Overview of Database Activity Streams - Amazon Aurora

Overview of Database Activity Streams

As an Amazon Aurora database administrator, you need to safeguard your database and meet compliance and regulatory requirements. One strategy is to integrate database activity streams with your monitoring tools. In this way, you monitor and set alarms for auditing activity in your Amazon Aurora cluster.

Security threats are both external and internal. To protect against internal threats, you can control administrator access to data streams by configuring the Database Activity Streams feature. DBAs don't have access to the collection, transmission, storage, and processing of the streams.

How database activity streams work

In Amazon Aurora, you start a database activity stream at the cluster level. All DB instances within your cluster have database activity streams enabled.

Your Aurora DB cluster pushes activities to an Amazon Kinesis data stream in near real time. The Kinesis stream is created automatically. From Kinesis, you can configure AWS services such as Amazon Kinesis Data Firehose and AWS Lambda to consume the stream and store the data.

Important

Use of the Database Activity Streams feature in Amazon Aurora is free, but Amazon Kinesis charges for a data stream. For more information, see Amazon Kinesis Data Streams pricing.

If you use an Aurora global database, start a database activity stream on each DB cluster separately. Each cluster delivers audit data to its own Kinesis stream within its own AWS Region. The activity streams don't operate differently during a failover. They continue to audit your global database as usual.

You can configure applications for compliance management to consume database activity streams. For Aurora PostgreSQL, compliance applications include IBM's Security Guardium and Imperva's SecureSphere Database Audit and Protection. These applications can use the stream to generate alerts and audit activity on your Aurora DB cluster.

The following graphic shows an Aurora DB cluster configured with Amazon Kinesis Data Firehose.


          Database Activity Streams

Asynchronous and synchronous mode for database activity streams

You can choose to have the database session handle database activity events in either of the following modes:

  • Asynchronous mode – When a database session generates an activity stream event, the session returns to normal activities immediately. In the background, the activity stream event is made a durable record. If an error occurs in the background task, an RDS event is sent. This event indicates the beginning and end of any time windows where activity stream event records might have been lost.

    Asynchronous mode favors database performance over the accuracy of the activity stream.

    Note

    Asynchronous mode is available for both Aurora PostgreSQL and Aurora MySQL.

  • Synchronous mode – When a database session generates an activity stream event, the session blocks other activities until the event is made durable. If the event can't be made durable for some reason, the database session returns to normal activities. However, an RDS event is sent indicating that activity stream records might be lost for some time. A second RDS event is sent after the system is back to a healthy state.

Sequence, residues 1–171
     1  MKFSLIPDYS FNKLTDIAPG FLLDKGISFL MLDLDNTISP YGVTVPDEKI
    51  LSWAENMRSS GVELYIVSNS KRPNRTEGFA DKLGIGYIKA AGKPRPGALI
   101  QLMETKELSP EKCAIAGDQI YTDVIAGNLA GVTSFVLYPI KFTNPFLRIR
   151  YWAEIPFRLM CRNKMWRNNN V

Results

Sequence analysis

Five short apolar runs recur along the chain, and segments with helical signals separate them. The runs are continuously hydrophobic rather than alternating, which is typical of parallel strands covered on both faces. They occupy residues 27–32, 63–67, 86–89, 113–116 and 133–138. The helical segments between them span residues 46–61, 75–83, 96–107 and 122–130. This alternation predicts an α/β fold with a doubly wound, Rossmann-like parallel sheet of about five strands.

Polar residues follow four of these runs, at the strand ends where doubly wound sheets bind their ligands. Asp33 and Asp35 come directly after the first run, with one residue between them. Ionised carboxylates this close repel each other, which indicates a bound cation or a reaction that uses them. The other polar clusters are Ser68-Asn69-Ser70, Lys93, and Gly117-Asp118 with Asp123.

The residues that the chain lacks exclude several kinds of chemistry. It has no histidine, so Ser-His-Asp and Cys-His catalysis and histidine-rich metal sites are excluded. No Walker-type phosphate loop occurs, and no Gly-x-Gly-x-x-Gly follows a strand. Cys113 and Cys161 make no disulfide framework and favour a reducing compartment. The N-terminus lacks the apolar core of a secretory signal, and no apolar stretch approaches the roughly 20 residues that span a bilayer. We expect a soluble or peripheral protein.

The synchronous mode favors the accuracy of the activity stream over database performance.

    Note

    Synchronous mode is available for Aurora PostgreSQL. You can't use synchronous mode with Aurora MySQL.

Requirements for database activity streams

In Aurora, database activity streams have the following requirements and limitations:

  • Amazon Kinesis is required for database activity streams.

  • AWS Key Management Service (AWS KMS) is required for database activity streams because they are always encrypted.

  • Applying additional encryption to your Amazon Kinesis data stream is incompatible with database activity streams, which are already encrypted with your AWS KMS key.

  • Start your database activity stream at the DB cluster level. If you add a DB instance to your cluster, you don't need to start an activity stream on the instance: it is audited automatically.

  • In an Aurora global database, make sure to start an activity stream on each DB cluster separately. Each cluster delivers audit data to its own Kinesis stream within its own AWS Region.

  • In Aurora PostgreSQL, make sure to stop database activity stream before an upgrade. You can start the database activity stream after the upgrade completes.

Region and version availability

Feature availability and support varies across specific versions of each Aurora database engine, and across AWS Regions. For more information on version and Region availability with Aurora and database activity streams, see Database activity streams in Aurora.

Supported DB instance classes for database activity streams

For Aurora MySQL, you can use database activity streams with the following DB instance classes:

  • db.r6g

  • db.r5

  • db.r4

  • db.r3

  • db.x2g

For Aurora PostgreSQL, you can use database activity streams with the following DB instance classes:

  • db.r6g

  • db.r5

  • db.r4

  • db.x2g